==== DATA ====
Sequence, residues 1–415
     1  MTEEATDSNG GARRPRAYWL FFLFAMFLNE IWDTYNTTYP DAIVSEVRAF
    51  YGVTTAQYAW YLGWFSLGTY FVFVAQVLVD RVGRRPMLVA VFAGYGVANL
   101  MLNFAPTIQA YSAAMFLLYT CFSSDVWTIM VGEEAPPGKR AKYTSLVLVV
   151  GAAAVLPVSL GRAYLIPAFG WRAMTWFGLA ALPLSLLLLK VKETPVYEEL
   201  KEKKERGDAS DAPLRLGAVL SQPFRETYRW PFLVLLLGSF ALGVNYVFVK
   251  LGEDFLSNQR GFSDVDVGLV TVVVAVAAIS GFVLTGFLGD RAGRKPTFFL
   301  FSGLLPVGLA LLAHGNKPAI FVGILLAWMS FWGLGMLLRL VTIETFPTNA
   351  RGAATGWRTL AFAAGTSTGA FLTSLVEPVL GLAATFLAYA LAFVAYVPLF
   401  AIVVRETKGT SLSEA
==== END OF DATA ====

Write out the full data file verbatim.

Sequence, residues 1–415
     1  MTEEATDSNG GARRPRAYWL FFLFAMFLNE IWDTYNTTYP DAIVSEVRAF
    51  YGVTTAQYAW YLGWFSLGTY FVFVAQVLVD RVGRRPMLVA VFAGYGVANL
   101  MLNFAPTIQA YSAAMFLLYT CFSSDVWTIM VGEEAPPGKR AKYTSLVLVV
   151  GAAAVLPVSL GRAYLIPAFG WRAMTWFGLA ALPLSLLLLK VKETPVYEEL
   201  KEKKERGDAS DAPLRLGAVL SQPFRETYRW PFLVLLLGSF ALGVNYVFVK
   251  LGEDFLSNQR GFSDVDVGLV TVVVAVAAIS GFVLTGFLGD RAGRKPTFFL
   301  FSGLLPVGLA LLAHGNKPAI FVGILLAWMS FWGLGMLLRL VTIETFPTNA
   351  RGAATGWRTL AFAAGTSTGA FLTSLVEPVL GLAATFLAYA LAFVAYVPLF
   401  AIVVRETKGT SLSEA